One play a week is the defensive difference between bad and great. One play a week is the difference between thinking our guy is the greatest defensive player on the face of the earth or the biggest bum around!
It’s the same with hitting. Based on 600 at bats in a season, the difference between a .250 hitter and a .300 hitter is a grand total of 30 hits. Over a 162 game season, that means a .300 hitter gets one more hit roughly every 5 1/2 games. The difference between .283 and .300 is a mere 10 hits- one more hit every 16 games. One more hit about every 2 1/2 weeks.
We notice the difference with batters more easily because a batting average is just that- an average. Hitting is more an exercise in hot and cold streaks. Better hitters have longer hot streaks an shorter cold snaps, so it’s easier to pick up on good hitters than good fielders.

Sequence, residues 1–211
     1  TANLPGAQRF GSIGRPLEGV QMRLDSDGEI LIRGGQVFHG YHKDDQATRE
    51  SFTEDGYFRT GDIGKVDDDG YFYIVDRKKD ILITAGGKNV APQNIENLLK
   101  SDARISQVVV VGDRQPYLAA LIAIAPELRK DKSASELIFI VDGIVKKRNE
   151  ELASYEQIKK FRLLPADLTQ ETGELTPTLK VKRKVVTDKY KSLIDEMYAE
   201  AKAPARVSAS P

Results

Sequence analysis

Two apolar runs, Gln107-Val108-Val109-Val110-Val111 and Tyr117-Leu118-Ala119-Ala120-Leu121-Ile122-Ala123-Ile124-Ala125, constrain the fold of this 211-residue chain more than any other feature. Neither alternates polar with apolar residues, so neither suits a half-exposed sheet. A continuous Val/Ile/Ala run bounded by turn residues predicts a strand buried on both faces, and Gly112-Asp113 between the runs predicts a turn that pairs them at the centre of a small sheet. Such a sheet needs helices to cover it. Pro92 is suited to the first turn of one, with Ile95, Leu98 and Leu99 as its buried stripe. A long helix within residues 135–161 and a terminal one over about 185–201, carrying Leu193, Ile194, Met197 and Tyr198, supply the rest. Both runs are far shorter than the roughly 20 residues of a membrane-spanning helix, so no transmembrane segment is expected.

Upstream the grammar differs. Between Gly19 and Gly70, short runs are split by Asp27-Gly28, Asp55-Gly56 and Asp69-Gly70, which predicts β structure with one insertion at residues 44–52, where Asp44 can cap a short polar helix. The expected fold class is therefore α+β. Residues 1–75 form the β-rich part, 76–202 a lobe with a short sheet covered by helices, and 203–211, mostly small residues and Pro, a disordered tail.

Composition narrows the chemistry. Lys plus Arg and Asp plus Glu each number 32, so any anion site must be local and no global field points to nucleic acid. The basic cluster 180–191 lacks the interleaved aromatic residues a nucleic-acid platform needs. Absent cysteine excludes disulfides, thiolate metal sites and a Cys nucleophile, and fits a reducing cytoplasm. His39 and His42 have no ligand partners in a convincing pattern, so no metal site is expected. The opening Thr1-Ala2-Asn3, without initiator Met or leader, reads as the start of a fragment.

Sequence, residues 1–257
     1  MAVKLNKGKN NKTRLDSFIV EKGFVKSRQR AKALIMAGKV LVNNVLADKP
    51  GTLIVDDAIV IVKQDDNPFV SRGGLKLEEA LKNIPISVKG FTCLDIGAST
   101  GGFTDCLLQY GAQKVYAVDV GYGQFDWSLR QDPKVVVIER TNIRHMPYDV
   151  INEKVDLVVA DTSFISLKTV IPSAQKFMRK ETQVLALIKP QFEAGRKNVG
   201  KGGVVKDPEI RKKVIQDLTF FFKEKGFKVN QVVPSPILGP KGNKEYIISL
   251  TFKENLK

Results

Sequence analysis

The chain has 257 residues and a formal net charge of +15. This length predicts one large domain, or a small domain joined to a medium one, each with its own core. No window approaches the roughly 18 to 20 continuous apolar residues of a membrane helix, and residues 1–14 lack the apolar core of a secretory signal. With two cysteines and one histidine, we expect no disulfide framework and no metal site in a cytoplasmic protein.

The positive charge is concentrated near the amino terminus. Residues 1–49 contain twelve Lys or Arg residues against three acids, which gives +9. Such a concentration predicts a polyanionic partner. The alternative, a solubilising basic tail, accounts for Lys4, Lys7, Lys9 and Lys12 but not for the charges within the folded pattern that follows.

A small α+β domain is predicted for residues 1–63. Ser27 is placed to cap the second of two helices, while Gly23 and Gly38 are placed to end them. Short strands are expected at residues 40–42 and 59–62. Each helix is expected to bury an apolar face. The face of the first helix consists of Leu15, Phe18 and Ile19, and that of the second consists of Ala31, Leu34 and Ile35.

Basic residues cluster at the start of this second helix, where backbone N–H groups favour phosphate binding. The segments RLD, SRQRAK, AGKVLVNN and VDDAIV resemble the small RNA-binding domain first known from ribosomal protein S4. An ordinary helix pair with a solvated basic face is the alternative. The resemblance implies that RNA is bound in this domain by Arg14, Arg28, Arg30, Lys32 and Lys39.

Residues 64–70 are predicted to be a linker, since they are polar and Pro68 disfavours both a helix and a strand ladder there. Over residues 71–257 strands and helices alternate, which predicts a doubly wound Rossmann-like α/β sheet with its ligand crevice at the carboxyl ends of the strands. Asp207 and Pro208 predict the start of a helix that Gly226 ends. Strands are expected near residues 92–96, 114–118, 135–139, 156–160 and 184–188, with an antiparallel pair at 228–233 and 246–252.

The point? Maybe we should cut Michael Young a little bit of slack. Beltre’s been playing third base in the majors for 13 years to Young’s two and Beltre was only one play a week better than Young.
Oh, yeah, and the Rangers still made it to the World Series despite that “bum” at 3rd base.
My, what a Christmas break I took. Working in a business where the holidays are the busiest time of the year, it’s a good thing baseball season isn’t in full swing. I don’t think I could survive Christmas and baseball at the same time!
Much has passed since my last missive. The Rangers lost out on Cliff Lee in a surprising last minute move that proves one thing- when you’re talking about the dollars a Cliff Lee is going to earn over the next five years, the deciding factor is obviously going to be- the city where Lee’s wife finds it easiest to get around in. In essence, that’s why Lee was willing to take less money and less years in the contract. For those of us who are married, can you honestly say how your spouse would feel wouldn’t enter into your decision? No matter how you slice it, Lee was going to be richer than Croesus, so why not make sure the wife is happy too? Win-win.